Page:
The Irish lab is interested in understanding the molecular mechanisms controlling plant growth and development.  Our current research efforts are described below.

Stem cell proliferation and arrest in Citrus

In plants, cells of the shoot apical meristem (SAM) act as stem cells,  giving rise to more stem cells as well as specialized cell types contributing to the leaves, branches and fruit. We are investigating the basis for thorn development in Citrus as a means to understand how the termination of stem cell proliferation is controlled. Thorns arise from SAM cells that fail to self-renew, and instead terminally differentiate, providing a unique opportunity to explore how SAM cell proliferation is controlled. We are using a combination of transcriptomics, molecular genetics and transgenic approaches to identify the genes and processes responsible for thorn development and how this unusual stem cell arrest process is controlled. We have developed a number of molecular tools for work with Citrus to facilitate this work. In collaboration with Yannick Jacob’s lab, we have developed CRISPR/Cas9 methods for inducing mutations in Citrus at a high rate. Economically, Citrus is the most important fruit crop in the US, and so our strategies to manipulate the Citrus genome are a valuable addition to the arsenal of tools to work with this genus. Since plant growth, fruit yield and harvest costs are all affected by thorniness, understanding how to manipulate thorn production will greatly impact the economics of this valuable crop.

supported by grant #5200-151 from the Citrus Research Board, and grant #1354389 from the National Science Foundation.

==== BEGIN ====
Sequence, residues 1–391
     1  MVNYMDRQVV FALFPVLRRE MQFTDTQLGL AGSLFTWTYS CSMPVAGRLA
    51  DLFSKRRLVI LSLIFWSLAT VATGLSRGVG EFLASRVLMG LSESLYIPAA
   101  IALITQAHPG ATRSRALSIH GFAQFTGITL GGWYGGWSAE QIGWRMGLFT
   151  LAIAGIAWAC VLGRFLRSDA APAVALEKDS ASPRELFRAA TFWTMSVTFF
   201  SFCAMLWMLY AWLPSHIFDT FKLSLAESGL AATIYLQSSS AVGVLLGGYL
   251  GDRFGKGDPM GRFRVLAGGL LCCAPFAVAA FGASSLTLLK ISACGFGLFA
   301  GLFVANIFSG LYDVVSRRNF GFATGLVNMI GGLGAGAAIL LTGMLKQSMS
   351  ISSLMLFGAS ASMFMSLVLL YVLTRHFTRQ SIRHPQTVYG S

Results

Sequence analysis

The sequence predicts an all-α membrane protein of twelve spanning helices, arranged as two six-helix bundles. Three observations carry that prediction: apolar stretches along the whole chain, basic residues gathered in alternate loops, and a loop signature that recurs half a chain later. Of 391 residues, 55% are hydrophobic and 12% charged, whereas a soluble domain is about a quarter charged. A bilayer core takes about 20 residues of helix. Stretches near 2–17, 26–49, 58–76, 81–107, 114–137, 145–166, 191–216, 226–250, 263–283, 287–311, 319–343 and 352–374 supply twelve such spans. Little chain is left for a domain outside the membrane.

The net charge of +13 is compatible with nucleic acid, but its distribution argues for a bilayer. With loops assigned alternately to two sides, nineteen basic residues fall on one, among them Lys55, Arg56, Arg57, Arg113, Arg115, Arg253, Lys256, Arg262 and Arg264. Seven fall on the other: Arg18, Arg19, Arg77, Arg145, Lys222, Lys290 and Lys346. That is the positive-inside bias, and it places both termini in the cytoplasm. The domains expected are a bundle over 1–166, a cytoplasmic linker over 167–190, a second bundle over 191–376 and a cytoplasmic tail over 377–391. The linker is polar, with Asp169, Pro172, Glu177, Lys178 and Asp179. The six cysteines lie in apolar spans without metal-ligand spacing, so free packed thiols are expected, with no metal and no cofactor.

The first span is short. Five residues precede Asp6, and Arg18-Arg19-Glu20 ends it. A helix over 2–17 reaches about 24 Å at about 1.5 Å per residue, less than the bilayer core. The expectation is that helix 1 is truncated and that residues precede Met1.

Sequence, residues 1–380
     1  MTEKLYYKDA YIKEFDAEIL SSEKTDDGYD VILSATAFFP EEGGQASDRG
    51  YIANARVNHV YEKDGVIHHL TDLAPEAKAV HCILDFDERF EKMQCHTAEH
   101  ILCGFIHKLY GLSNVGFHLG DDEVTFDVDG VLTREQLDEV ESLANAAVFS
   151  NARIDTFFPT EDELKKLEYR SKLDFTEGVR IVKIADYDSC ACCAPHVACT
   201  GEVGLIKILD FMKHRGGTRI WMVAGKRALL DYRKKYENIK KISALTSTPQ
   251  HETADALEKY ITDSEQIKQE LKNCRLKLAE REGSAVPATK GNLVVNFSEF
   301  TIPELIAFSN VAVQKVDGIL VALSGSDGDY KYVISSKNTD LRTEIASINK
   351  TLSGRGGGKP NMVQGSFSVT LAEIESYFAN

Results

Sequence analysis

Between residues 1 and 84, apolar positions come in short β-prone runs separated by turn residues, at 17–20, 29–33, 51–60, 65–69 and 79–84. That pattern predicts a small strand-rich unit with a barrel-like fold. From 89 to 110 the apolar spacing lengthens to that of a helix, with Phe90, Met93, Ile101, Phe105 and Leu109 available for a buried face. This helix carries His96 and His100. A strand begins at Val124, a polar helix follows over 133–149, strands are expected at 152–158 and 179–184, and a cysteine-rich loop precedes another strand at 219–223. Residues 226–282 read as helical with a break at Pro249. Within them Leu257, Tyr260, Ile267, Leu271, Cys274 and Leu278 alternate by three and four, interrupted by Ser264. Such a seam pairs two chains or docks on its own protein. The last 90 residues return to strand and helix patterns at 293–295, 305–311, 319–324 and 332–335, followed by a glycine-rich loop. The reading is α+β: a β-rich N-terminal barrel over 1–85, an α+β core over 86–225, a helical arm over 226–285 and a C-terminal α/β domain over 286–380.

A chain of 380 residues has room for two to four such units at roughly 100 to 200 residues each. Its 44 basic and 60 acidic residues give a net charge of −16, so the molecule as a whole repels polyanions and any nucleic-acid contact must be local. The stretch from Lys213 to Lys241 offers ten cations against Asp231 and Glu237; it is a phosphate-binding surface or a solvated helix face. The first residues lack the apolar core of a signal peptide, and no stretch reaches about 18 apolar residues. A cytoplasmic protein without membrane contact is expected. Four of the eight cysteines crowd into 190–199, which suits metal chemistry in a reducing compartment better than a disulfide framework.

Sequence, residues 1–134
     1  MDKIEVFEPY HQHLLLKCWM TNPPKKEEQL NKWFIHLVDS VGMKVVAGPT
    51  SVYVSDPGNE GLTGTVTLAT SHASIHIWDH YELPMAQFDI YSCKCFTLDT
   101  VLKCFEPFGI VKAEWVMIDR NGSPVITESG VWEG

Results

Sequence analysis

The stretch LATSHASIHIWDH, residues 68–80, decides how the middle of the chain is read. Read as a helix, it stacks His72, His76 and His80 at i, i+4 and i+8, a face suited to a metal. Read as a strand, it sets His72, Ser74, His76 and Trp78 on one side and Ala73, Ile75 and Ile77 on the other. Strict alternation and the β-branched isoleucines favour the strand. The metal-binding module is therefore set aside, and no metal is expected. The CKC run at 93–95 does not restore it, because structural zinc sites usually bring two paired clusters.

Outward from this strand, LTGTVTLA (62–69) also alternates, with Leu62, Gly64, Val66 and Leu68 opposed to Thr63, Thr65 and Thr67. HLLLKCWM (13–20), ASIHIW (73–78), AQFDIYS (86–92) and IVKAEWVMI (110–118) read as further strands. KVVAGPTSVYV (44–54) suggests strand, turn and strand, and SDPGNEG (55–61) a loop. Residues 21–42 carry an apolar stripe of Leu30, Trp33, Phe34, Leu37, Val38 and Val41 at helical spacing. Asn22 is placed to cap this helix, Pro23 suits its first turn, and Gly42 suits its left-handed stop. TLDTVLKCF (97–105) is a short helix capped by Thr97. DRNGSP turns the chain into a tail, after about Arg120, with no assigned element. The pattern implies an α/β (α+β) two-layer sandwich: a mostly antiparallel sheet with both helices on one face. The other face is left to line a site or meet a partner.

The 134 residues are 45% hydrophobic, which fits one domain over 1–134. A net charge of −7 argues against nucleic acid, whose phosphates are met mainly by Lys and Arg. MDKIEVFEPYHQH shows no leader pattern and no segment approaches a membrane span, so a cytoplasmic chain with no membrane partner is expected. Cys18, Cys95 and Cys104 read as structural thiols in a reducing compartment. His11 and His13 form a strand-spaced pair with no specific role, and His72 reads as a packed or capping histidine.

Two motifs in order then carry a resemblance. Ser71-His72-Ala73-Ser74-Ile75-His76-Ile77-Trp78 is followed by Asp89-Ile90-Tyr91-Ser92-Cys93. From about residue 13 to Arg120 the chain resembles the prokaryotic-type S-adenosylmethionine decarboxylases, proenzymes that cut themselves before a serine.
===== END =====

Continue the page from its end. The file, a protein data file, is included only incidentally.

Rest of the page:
For more information see:

Rossignol, P., Orbović, V., Irish, V.F. 2014. A dexamethasone-inducible gene expression system is active in Citrus plants. Sci. Hort. 172, 47-53.

Zhang, F., LeBlanc, C., Irish, V.F., Jacob, Y. 2017. Rapid and efficient CRISPR/Cas9 gene editing in Citrus using the YAO promoter. Plant Cell Rep. in press.

Control of petal growth

Organ formation, whether in animals or plants, depends on several processes. These  include delimitation of where an organ will form, growth of the organ, and its consequent differentiation.  Using the Arabidopsis petal as a model organ system, we are investigating the genes and cellular processes that contribute to the development of this seemingly simple organ type. We are examining how a transcriptional repressor, RBE, coordinately regulates both organ boundary formation and organ growth. We have  shown that RBE acts early in petal development to control the formation of organ boundaries, and we have shown that RBE also regulates a transcriptional cascade of events that act as a timing mechanism to control organ growth.  We are currently investigating the cellular basis for growth control in petals, and how transcriptional changes are manifested as changes in cell proliferation.

supported by grant #1615387 from the National Science Foundation

For more information see:

Huang, T., Lopez-Giraldez, F., Townsend, J.P., and Irish, V.F. 2012. RBE controls microRNA164 expression to effect floral organogenesis. Development 139: 2161-2169.

Huang, T. and Irish, V.F. 2015. Temporal control of plant organ growth by TCP transcription factors. Current Biology 25: 1765-1770.

Huang, T. and Irish, V.F. 2016. Gene networks controlling petal organogenesis. J. Exp. Bot. 67:61-8.

Control of petal cell type differentiation

Petal conical epidermal cells are covered in radiate nanoridges that give these cells unique physical properties. The nanoridges are vital for pollinator attraction, iridescence, wettability, and can provide tactile cues. However, the molecular, cellular, and mechanical bases for how this unusual cell type is formed and functions is not well understood. We are using a combination of biochemical, molecular genetic, and modeling approaches to develop a mechanistic understanding of how conical epidermal cell morphology is achieved.

supported by grant #1615387 from the National Science Foundation

For more information see:

Irish, V.F. 2008. The Arabidopsis petal: a model for plant organogenesis. Trends Plant Sci 13:430-436.

Saffer, A.M., Carpita, N.C. and Irish, V.F. 2017. Rhamnose-containing cell wall polymers suppress helical plant growth independently of microtubule orientation. Current Biology 27:2248-2259.